How to build smaller Docker images

When you’re building a Docker image it’s important to keep the size under control. Having small images means ensuring faster deployment and transfers.

Wish I had found this post before I started playing with Docker, as it is packed with solid advice which I found out “along the way” myself.

In short:

  1. Find the right balance with the cache layers
  2. Use .dockerignore files
  3. Use the multi-stage builds feature
  4. Choose the right base image

Especially number 3 was an eye opener to me when I first discovered it. Basically it boils down to this: Don’t do an npm install/composer install/npm build directly in your “main” image, but do it in a separate container and afterwards copy its results into your main image.

How to build a smaller Docker image →

Automatically compress images to your Pull Requests with this GitHub Action

The folks at Calibre have release a GitHub Action named “Image Actions” and I must say, it looks amazing insane:

Image actions will automatically compress jpeg and png images in GitHub Pull Requests.

  • Compression is fast, efficient and lossless
  • Uses mozjpeg + libvips, the best image compression available
  • Runs in GitHub Actions, so it’s visible to everyone

Never ship unoptimised graphics again!

Once the workflow is added to your repo, Compression levels and source paths exclusions can easily be configured using a .github/calibre/image-actions.yml file:

  quality: 80
  quality: 80
  - "node_modules/**"

Calibre Blog: Automatically compress images on Pull Requests →
GitHub Actions Marketplace: Image actions →

🤔 In case you’re wondering why you should compress your images be sure to read Addy Osmani’s free ebook “Essential Image Optimization”

How Web Content Can Affect Power Usage

The Webkit blog, on how to optimize your pages so that they don’t drain the battery of your visitors their devices:

Users spend a large proportion of their online time on mobile devices, and a significant fraction of the rest is users on untethered laptop computers. For both, battery life is critical. In this post, we’ll talk about factors that affect battery life, and how you, as a web developer, can make your pages more power efficient so that users can spend more time engaged with your content.

The three sections where to optimize covered are scripting, painting (the way stuff is rendered/animated), and networking (requests over the network)

How Web Content Can Affect Power Usage →

Essential Image Optimization

Essential Image Optimization is an free and online eBook by Addy Osmani:

Images take up massive amounts of internet bandwidth because they often have large file sizes. According to the HTTP Archive, 60% of the data transferred to fetch a web page is images composed of JPEGs, PNGs and GIFs. As of July 2017, images accounted for 1.7MB of the content loaded for the 3.0MB average site.

Per Tammy Everts, adding images to a page or making existing images larger have been proven to increase conversion rates. It’s unlikely that images will go away and so investing in an efficient compression strategy to minimize bloat becomes important.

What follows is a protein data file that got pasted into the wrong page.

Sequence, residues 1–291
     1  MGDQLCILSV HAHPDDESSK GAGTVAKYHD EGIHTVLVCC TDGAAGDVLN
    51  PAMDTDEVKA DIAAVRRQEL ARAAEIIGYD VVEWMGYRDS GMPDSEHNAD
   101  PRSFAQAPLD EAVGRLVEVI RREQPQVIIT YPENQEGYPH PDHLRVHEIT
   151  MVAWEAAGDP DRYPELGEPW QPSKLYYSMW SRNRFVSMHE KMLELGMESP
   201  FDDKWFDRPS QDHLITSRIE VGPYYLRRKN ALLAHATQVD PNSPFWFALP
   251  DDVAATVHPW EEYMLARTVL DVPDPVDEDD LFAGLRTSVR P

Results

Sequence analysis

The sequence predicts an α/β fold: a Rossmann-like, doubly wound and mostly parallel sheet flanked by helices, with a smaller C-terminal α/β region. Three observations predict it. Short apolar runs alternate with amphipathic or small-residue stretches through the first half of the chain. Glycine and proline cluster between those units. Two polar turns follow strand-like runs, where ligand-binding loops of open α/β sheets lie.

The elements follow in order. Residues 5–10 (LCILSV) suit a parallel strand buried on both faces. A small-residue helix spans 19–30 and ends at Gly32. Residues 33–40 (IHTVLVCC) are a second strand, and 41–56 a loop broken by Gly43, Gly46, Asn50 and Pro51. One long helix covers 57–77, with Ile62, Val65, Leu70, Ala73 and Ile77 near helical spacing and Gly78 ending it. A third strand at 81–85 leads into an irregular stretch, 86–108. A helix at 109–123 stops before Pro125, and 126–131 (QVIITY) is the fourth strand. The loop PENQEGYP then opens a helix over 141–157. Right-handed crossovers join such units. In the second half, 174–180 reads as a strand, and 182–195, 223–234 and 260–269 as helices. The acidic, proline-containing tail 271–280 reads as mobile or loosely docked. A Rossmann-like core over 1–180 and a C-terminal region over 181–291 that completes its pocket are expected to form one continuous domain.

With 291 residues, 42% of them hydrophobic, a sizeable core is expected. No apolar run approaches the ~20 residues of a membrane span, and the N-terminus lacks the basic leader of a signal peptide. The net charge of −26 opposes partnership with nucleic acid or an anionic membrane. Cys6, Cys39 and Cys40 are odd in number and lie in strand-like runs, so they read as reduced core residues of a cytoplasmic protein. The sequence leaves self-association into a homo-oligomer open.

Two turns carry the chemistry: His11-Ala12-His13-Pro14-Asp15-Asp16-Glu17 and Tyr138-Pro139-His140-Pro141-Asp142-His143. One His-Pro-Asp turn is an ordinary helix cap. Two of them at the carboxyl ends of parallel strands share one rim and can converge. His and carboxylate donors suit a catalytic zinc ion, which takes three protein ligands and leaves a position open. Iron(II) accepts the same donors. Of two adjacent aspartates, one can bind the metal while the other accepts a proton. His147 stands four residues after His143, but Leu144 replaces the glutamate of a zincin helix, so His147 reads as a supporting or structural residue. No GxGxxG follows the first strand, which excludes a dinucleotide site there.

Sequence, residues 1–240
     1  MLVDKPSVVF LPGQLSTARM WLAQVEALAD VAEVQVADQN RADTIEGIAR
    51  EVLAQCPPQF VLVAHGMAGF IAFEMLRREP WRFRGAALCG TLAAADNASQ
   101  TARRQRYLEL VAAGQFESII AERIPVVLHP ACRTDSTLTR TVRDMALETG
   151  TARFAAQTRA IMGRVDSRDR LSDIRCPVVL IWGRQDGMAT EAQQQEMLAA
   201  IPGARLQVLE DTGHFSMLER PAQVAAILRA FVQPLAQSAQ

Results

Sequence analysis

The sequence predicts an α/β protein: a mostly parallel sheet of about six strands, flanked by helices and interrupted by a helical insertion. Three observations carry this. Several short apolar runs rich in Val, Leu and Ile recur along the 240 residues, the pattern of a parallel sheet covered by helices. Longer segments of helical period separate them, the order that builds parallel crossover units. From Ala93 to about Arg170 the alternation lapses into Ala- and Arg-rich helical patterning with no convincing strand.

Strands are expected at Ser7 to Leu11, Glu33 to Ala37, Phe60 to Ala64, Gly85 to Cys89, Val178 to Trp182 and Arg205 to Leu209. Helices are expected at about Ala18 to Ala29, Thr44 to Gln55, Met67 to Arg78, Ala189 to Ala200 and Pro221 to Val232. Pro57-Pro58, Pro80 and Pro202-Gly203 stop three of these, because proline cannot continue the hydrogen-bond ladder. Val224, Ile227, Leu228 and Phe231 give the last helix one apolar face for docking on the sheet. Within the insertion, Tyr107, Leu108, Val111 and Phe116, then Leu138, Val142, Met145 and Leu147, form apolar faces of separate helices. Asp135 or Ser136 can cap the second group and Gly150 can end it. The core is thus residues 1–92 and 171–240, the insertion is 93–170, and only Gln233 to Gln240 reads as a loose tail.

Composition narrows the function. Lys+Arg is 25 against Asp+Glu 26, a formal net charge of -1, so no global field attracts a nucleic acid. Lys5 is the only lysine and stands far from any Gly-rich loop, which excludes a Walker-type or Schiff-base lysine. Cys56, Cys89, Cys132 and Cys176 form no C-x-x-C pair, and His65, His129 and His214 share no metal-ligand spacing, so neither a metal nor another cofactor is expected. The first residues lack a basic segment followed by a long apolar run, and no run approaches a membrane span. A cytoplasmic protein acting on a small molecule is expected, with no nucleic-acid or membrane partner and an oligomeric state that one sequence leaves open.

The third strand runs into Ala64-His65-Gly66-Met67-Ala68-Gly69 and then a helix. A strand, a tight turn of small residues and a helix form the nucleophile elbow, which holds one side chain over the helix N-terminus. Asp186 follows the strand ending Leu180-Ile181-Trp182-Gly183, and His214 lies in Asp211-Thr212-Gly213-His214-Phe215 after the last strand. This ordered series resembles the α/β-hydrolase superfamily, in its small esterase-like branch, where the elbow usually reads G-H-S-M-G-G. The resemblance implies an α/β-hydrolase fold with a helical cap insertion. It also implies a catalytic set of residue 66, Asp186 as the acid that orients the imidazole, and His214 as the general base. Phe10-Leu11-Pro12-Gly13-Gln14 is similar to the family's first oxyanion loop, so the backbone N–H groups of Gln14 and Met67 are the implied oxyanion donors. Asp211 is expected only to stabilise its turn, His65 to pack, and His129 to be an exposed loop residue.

Essentially Addy pushes forward two key factors:

  1. We should all be automating our image compression
  2. Everyone should be compressing their images efficiently

Essential Image Optimization →

Flipboard Engineering: 60fps on the mobile web


Since earlier this week Flipboard now is a website too. As they wanted to mimic their mobile apps, it would sport lots of animations. During their first tests, they found the DOM being too slow (although that’s not entirely true, see this video and its description for example). And then, an epiphany:

Most modern mobile devices have hardware-accelerated canvas, so why couldn’t we take advantage of this? HTML5 games certainly do. But could we really develop an application user interface in canvas?

And so they did. They’ve built react-canvas for this, “high performance <canvas> rendering for React components”. Reminds me of Letterpress, which is an optimized OpenGL scene, and, which is a WebGL layer which renders the site.

60fps on the mobile web — Flipboard Engineering →
react-canvas →

Supercharging your Gruntfile

In this article, we won’t focus on what numerous Grunt plugins do to your actual project code, but on the Grunt build process itself. We will give you practical ideas on:

  • How to keep your Gruntfile neat and tidy,
  • How to dramatically improve your build time,
  • And how to be notified when a build happens.

Supercharging your Gruntfile →

Tools for image optimization

Where possible, it’s best to try automating image optimization so that it’s a first-class citizen in your build chain. To help, I thought I’d share some of the tools I use for this.

Not only contains a list of grunt plugins one can use, but also a few command line and online tools. I’ve been using TinyPNG for quite some time now before uploading images to my blog. Can shave up to 83% (!) of a screenshot created in OS X.

Tools for image optimization →

One Less JPG

Update 2017: By now it’s clear that an equal amount of JS-bytes and JPG-bytes are not the same. The JS still needs to be evaluated and executed, which also comes as a cost.

People often build beautiful sites with multiple easy-to-use JavaScript libraries. Then, when it comes to addressing frontend performance, suddenly those libraries are an enormous download that the users are forced to bear.

Before you go worrying about how to minify every last library or shave tests out of Modernizr, try and see if you can remove just one photo from your design. It will make a bigger difference.

One Less JPG →